Success Redefined: Happiness Is About A Lot More Than Money

What a funny old time to be alive. With circumstances, statistics and rules and regulations changing daily in the wake of Covid-19’s rampant spread, the past week especially has felt like some sort of trial run in how we’re all supposed to live in our new worlds – each different from those of our friends and other family members, and each entirely different from what we ourselves knew just a few weeks ago. With shakeups comes change though, which they say is as good as a rest, and with forced rest comes reflection. Where once we may have been running around like headless chickens chasing money, status or other material gain, now we have been forced to respect the simple essentials in life – our elders, our privilege and our health to name but three – and to re-evaluate what really matters. If ever there was a time to reconsider what success really means, it is now. 

 

Understand that health is wealth

“It is health that is real wealth and not pieces of gold and silver.”
– Mahatma Gandhi

 

People bandy this notion about as lightly as it’s likely strewn across the ‘statement’ t-shirts of wealthy celebs and never has this irony been more perverse. In the blink of an eye, we’ve realised that wealth is not determined by bank balances, by how much you can hoodwink your customers by raising the cost of in-demand products (take a bow, Mr Sports Direct), or by what car you drive, but that we are in fact richer than we’ve ever been if we are not one of the thousands who are at best currently confined to their beds and at worst have lost their lives. 

 

The current pandemic aside, the values that we live by, the people we choose surround ourselves with and the way we treat our bodies has a direct impact on how we feel and how we act. Input hugely impacts output and we cannot thrive in life if we’re running on empty, so work at a pace that doesn’t overwhelm you and for people that value you, surround yourself with positive, active friends, and nourish your body with good food and exercise – it has nothing to do with money apart from the hefty personal price you’ll pay if you don’t.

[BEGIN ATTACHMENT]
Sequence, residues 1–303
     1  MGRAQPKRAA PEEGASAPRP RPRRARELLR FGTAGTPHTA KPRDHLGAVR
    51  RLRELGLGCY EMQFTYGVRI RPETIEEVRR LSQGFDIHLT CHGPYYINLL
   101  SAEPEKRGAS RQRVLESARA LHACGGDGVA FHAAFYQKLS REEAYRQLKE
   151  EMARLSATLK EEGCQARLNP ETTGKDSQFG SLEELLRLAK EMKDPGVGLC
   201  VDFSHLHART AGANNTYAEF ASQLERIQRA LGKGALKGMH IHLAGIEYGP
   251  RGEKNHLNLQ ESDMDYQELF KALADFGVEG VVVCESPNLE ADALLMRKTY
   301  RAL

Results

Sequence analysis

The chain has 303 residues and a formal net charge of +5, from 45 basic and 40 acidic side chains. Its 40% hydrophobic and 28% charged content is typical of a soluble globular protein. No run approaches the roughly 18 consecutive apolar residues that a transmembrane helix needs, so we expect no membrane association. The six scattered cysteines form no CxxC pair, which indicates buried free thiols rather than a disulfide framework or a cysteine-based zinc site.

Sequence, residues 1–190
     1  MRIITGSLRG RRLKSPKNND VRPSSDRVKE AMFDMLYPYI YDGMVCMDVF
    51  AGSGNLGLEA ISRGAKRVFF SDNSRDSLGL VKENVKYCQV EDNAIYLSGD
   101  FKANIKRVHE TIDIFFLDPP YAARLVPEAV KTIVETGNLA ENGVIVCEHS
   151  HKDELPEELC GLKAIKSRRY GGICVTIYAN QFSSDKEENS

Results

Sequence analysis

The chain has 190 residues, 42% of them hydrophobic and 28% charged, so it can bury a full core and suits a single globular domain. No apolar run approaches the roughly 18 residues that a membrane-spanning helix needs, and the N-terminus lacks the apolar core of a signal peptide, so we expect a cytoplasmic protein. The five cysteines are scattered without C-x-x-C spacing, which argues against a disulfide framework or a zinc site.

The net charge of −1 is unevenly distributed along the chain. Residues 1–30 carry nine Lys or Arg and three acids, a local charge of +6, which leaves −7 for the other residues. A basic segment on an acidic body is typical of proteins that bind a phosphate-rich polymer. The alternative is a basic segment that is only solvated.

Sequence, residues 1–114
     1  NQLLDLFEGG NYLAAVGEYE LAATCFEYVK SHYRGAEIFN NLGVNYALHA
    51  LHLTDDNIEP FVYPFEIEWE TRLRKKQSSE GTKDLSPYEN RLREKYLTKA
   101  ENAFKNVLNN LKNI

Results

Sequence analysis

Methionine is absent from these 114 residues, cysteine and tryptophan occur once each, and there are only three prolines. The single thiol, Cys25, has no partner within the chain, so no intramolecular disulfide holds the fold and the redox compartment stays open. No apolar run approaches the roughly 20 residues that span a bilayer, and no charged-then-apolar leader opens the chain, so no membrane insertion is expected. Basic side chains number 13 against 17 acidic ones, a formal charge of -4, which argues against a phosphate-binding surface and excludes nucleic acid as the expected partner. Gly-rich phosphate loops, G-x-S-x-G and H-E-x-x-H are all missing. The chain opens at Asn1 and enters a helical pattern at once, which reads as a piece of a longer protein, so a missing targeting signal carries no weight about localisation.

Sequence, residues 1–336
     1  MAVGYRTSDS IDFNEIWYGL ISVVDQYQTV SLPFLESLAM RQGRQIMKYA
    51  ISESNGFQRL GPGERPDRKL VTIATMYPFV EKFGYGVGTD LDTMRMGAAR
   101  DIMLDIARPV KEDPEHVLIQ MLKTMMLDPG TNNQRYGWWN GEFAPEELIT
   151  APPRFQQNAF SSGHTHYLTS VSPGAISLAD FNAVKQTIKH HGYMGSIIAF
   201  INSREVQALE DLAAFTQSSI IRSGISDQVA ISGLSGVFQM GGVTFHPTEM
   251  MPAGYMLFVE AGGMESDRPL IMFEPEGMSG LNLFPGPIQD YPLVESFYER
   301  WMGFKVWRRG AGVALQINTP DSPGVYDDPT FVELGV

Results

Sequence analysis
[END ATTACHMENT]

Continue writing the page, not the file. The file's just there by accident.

Love what you do

“Whosoever loves much performs much, and can accomplish much, and what is done in love is done well.”
– Van Gogh

 

I can feel some of you raising your eyebrows as you read this and I can hear the dismissive internal chorus of ‘it’s not that easy’. But actually, it is. Retraining is a big step and one that most people quickly write off as impossible before they even dare to think about it, but according to research between 20% and 40% of us are unhappy in our jobs. Follow-up studies have reasoned that unhappiness at work can lead to stress, weight gain, a weaker immune system, relationship difficulties, insomnia and depression – all of which are a strain on physical and mental health. The bottom line is if you really don’t like your job, or if you’re simply doing it for money, it’s well worth getting some advice about other ways your skills can be put to use and pay the bills in the process.

 

Work aside, think about what you actually do love and embrace it. If you love playing Mario Kart on your kids’ Nintendo Switch after they’ve gone to bed (which, let’s face it is far too a specific example for it not to be me) then play it; if you want to start a blog, ignore the ‘blogs are dead’ naysayers and share your thoughts with the world (FYI, they’re far from dead); if your favourite snack is rollmop herrings with sour cream and sliced apple (yes, me again, dammit) then eat it – loving the things you do makes you happy, so do them. 

 

 

Self-care is an essential reward in itself

“We need to do a better job of putting ourselves higher on our own to-do list.”